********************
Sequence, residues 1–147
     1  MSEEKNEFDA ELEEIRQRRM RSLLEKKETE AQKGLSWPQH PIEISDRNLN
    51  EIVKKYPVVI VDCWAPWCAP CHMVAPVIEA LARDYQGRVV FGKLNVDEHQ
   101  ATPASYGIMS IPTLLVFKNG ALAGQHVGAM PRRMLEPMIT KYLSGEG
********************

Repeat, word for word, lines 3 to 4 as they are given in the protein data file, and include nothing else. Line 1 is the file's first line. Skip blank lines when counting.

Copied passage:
    51  EIVKKYPVVI VDCWAPWCAP CHMVAPVIEA LARDYQGRVV FGKLNVDEHQ
   101  ATPASYGIMS IPTLLVFKNG ALAGQHVGAM PRRMLEPMIT KYLSGEG